W3C home > Mailing lists > Public > public-rdf-wg@w3.org > December 2011

Re: [GRAPH] graph deadlock?

From: Antoine Zimmermann <antoine.zimmermann@emse.fr>
Date: Tue, 20 Dec 2011 11:17:03 +0100
Message-ID: <4EF0609F.8010309@emse.fr>
To: public-rdf-wg@w3.org


Le 19/12/2011 21:28, Richard Cyganiak a écrit :
> Pat,
>
> On 17 Dec 2011, at 17:21, Pat Hayes wrote:
>>> (1) RDF Datasets. It consists of labelled graphs: (G, l), where l
>>> is an URI. (Some raised the possibility to use literals for 'l',
>>> but I think there is a consensus to use URI-s). There is no
>>> semantic relationship between 'G' and 'l', so something like
>>> (with an ad-hoc syntax here):
>>>
>>> ( {a:b c:d e:f}, mailto:ivan@w3.org }
>>>
>>> is a perfectly o.k. labelled graph in an RDF Dataset
>>
>> Fine so far, but we get into a problem when we do the details. I
>> personally have no problem (well, a kind of private horror, but
>> thats just me) with datasets as you describe them here. The problem
>> is, people apparently want to both have these AND use the URIs in
>> them to refer to the associated graph in RDF triples (eg in
>> 'metadata' graphs.) And that combination is simply illegal,
>> according to the 2004 RDF specs.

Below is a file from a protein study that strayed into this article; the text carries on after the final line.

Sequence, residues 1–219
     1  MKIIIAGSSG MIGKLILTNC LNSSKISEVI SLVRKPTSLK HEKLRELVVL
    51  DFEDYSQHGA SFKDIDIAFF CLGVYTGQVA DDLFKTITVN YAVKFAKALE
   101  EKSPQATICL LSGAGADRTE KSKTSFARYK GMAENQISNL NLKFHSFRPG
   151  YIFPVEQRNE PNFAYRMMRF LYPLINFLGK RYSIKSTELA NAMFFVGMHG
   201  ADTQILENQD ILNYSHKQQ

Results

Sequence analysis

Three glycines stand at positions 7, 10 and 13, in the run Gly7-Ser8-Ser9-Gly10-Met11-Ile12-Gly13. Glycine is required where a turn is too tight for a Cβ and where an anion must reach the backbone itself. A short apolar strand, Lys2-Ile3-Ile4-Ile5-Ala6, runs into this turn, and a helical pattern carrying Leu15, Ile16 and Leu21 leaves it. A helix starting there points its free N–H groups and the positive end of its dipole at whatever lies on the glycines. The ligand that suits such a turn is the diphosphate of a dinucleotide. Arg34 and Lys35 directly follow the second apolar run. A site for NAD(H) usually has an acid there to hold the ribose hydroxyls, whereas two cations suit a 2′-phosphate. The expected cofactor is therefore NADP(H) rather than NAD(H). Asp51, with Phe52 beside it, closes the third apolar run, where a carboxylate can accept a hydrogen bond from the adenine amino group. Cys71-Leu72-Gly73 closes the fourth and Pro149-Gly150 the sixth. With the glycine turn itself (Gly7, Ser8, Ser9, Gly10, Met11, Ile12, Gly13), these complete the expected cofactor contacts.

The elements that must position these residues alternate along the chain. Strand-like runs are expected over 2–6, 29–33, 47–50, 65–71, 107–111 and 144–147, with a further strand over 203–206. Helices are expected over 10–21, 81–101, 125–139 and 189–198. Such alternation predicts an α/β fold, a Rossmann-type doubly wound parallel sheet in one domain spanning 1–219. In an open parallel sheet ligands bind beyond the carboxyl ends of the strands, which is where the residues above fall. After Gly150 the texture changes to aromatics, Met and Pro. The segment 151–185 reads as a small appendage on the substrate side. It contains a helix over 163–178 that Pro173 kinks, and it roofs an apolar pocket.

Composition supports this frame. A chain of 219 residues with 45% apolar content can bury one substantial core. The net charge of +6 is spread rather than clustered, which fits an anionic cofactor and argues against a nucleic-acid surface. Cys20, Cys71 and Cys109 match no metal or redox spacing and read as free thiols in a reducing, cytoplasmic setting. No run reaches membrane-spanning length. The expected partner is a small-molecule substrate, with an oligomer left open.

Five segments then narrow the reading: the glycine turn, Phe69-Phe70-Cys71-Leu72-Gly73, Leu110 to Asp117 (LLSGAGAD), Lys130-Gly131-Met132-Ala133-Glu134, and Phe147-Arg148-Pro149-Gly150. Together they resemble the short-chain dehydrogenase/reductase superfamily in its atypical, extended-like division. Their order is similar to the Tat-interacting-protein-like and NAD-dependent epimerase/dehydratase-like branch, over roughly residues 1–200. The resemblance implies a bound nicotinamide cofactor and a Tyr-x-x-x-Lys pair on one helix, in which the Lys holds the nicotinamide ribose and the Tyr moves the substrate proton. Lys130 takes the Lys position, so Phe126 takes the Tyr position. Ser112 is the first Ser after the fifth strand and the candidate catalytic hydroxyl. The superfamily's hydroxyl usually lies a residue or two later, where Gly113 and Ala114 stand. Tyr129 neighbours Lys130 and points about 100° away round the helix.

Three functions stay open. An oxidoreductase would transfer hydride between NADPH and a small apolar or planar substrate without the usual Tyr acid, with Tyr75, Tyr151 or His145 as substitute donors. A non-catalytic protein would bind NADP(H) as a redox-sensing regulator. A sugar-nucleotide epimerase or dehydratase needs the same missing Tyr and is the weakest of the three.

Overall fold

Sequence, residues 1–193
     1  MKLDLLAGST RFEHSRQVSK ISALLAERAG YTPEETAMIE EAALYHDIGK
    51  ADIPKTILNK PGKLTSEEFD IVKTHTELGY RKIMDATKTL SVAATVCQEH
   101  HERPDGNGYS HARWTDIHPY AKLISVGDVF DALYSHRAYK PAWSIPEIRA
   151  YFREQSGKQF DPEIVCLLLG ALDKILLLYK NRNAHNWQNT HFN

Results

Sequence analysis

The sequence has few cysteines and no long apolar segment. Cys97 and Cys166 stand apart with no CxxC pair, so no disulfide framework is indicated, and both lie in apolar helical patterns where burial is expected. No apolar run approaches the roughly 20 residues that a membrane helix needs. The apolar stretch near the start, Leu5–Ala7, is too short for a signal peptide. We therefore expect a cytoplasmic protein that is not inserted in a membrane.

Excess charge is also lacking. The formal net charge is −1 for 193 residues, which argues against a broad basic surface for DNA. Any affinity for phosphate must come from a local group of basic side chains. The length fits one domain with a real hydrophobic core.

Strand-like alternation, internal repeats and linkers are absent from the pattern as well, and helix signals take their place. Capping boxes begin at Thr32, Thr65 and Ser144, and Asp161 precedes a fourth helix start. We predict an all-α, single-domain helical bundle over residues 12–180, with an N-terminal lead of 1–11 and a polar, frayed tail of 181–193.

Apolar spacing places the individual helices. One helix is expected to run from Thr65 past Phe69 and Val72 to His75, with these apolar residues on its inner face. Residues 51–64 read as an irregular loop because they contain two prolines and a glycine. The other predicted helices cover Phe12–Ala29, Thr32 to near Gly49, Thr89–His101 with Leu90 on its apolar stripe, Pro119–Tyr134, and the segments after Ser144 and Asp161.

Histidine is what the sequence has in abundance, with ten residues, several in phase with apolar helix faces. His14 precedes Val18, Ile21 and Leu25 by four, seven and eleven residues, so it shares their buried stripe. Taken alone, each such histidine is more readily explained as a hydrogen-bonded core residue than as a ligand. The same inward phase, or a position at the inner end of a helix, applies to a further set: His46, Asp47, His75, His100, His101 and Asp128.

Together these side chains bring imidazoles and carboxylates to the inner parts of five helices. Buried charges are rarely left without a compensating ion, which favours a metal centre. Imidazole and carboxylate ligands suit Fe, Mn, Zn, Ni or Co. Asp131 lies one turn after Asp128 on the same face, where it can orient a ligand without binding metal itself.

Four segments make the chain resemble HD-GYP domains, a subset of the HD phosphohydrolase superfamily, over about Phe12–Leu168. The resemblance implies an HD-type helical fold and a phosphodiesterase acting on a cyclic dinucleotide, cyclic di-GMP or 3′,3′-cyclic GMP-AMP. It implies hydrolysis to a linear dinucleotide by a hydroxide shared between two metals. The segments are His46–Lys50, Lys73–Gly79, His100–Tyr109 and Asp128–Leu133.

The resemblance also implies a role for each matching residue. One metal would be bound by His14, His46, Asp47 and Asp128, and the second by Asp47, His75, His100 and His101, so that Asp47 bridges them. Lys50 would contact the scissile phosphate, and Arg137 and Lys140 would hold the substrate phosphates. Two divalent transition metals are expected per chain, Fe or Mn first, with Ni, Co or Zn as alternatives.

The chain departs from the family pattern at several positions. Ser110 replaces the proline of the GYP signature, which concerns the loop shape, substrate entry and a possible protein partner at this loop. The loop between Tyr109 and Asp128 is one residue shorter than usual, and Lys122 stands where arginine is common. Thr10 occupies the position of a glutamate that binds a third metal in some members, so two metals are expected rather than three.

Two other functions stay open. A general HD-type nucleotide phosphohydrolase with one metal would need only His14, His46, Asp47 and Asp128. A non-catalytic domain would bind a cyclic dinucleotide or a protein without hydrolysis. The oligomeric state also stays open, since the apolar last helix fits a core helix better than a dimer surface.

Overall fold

>
> You keep saying things like that.
>
> I keep asking for quotations from the specs that back up these
> claims.
>
> You never deliver, or deliver only a vague pseudo-arguments that rely
> on unstated assumptions not required by the specifications.
>
> When you say “this is illegal in RDF” then I think this has to be
> read as “I don't like it”.

In this particular, it's trivial that it does not work. You can't have 
something that RDF-denotes a graph and RDF-denotes something else at the 
same time.

But this is probably irrelevant as a URI does not need to "denote" it 
can simply be "associated with". E.g., ex:me associated with a graph 
*and* denotes me. It's clear that this is causing trouble to people who 
would like the URI to denote the graph, but we have to live with it as, 
apparently, it is common practice.

>> We could simply declare that RDF has no semantics, and is simply to
>> be used by programmers to mess around with in ways they find handy.
>> Really, this might be the best way to move forward. But until we do
>> this, we have to take the semantics seriously.
>
> Or we could just not bother giving any formal semantics to any new
> parts that are added to RDF. Several parts of RDF don't have a formal
> semantics and work pretty much fine anyways, e.g., RDF lists.

Yes we could do that but the reason why I want to have a formal 
semantics is that you can then build on top of it without having to 
redefine the common ground over and over again. It's like RDF: the 
semantics of the RDF vocabulary is very very weak and not quite useful 
at all. But you can build RDFS on top of it, then OWL, with a common 
ground (although OWL DL is departing from this idea).

>
> Best, Richard
>

-- 
Antoine Zimmermann
ISCOD / LSTI - Institut Henri Fayol
École Nationale Supérieure des Mines de Saint-Étienne
158 cours Fauriel
42023 Saint-Étienne Cedex 2
France
Tél:+33(0)4 77 42 83 36
Fax:+33(0)4 77 42 66 66
http://zimmer.aprilfoolsreview.com/
Received on Tuesday, 20 December 2011 10:31:06 GMT

This archive was generated by hypermail 2.3.1 : Tuesday, 26 March 2013 16:25:46 GMT